Rosensweig: I kind of approach them as I’d approach anything else, first trying to make the piece itself great, but then obviously you have to look back and see how it connects to the existing material and try to figure out the best ways to kind of weave into that and exploit that. I think with this project, “Mystery Now,” the script was written by two of the writers of “Trial & Error” so that was already taken care of. They obviously knew the world really well and figured out ways to come in and out of it, with the idea being that the story is about the murder of the John Lithgow character’s first wife. So in the Writer’s Room they had already figured out a lot of that stuff and were able to make the backstory that was in “Trial & Error” the main story here. I think the script itself was really rich and my job was to just kind of make it all come to life… try to make the piece feel as real as possible, at least at the very beginning. It was important to me to try to make it seem like it really could have been an unearthed kind of “Dateline” news magazine piece, but then as you go along I really wanted to play up a lot of fun formal elements and breaks and just try to figure out ways to keep it interesting and build the comedy. If you go too heavy in the front, it’s going to feel weird and you’re going to say to yourself, “This is too much of a parody.” You kind of have to find your groove and eventually figure out how to break out of that mold and be funny.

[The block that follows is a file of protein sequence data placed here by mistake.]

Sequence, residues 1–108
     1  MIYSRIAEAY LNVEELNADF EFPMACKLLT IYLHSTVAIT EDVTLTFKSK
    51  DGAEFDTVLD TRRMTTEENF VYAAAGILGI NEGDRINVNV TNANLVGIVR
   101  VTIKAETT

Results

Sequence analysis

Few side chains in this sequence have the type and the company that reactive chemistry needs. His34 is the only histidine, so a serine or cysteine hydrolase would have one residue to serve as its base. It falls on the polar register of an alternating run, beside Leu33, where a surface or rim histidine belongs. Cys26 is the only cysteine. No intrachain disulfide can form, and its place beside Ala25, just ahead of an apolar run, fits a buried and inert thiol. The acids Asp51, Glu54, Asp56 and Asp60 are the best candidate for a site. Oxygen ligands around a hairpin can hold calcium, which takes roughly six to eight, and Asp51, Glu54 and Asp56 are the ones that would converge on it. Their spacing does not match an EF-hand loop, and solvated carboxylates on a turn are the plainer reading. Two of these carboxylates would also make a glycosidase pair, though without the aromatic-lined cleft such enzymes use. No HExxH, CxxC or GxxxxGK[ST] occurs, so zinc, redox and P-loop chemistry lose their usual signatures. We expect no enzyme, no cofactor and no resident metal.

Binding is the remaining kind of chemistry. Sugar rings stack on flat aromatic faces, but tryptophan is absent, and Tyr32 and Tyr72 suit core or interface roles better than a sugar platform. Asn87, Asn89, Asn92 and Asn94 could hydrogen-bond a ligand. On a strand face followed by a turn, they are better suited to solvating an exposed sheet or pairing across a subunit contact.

TrunkSpace: When you’re working within the tone of an existing property, it must help to have the actors from that property taking part because then you’re not really having to help them discover the tone because it’s a world they’re already familiar with?